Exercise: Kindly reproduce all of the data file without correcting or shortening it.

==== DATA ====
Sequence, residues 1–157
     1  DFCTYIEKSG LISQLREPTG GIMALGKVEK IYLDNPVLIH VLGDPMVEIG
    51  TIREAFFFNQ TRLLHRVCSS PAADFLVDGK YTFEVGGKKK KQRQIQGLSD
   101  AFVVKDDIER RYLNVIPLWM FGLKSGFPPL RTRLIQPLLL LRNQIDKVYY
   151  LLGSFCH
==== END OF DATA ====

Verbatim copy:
Sequence, residues 1–157
     1  DFCTYIEKSG LISQLREPTG GIMALGKVEK IYLDNPVLIH VLGDPMVEIG
    51  TIREAFFFNQ TRLLHRVCSS PAADFLVDGK YTFEVGGKKK KQRQIQGLSD
   101  AFVVKDDIER RYLNVIPLWM FGLKSGFPPL RTRLIQPLLL LRNQIDKVYY
   151  LLGSFCH